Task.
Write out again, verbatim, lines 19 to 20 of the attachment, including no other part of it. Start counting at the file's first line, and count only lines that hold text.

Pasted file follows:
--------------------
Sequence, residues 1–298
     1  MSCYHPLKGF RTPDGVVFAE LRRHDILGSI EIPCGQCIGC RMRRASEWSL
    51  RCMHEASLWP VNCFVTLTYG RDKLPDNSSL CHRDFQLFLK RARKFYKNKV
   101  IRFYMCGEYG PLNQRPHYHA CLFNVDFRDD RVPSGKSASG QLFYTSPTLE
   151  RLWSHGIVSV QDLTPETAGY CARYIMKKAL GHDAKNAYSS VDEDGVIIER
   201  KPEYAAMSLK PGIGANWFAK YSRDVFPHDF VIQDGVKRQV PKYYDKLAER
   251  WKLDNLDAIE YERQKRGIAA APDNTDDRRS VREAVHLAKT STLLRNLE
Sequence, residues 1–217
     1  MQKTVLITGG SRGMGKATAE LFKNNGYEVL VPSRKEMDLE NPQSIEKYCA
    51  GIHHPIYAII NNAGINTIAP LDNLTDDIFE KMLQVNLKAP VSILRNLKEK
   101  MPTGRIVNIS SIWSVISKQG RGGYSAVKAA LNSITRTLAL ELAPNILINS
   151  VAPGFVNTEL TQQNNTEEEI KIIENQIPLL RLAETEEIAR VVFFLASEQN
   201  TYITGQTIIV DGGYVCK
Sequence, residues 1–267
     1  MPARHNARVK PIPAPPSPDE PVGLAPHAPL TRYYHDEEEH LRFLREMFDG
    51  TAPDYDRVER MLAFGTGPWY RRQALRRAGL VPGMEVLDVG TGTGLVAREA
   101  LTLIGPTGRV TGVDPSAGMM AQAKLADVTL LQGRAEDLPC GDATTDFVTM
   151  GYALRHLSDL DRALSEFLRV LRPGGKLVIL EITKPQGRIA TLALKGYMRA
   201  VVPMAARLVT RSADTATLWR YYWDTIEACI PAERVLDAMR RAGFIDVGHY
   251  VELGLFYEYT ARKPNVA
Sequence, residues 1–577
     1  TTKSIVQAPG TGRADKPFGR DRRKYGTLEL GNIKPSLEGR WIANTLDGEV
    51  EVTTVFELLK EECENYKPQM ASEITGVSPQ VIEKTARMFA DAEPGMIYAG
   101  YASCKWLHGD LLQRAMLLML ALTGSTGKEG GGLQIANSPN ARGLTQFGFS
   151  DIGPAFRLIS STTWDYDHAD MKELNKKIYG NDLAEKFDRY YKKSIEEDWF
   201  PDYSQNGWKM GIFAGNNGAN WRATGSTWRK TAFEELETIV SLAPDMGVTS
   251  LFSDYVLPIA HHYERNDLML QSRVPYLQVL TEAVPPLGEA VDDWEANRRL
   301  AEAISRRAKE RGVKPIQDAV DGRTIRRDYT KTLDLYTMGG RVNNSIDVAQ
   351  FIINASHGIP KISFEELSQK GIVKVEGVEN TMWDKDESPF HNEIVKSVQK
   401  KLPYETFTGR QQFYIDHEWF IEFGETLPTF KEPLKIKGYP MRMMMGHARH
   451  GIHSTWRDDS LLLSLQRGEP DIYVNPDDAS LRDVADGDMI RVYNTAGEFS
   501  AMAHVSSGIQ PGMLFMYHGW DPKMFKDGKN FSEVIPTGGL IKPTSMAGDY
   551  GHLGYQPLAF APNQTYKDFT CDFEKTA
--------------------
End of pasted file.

   201  VVPMAARLVT RSADTATLWR YYWDTIEACI PAERVLDAMR RAGFIDVGHY
   251  VELGLFYEYT ARKPNVA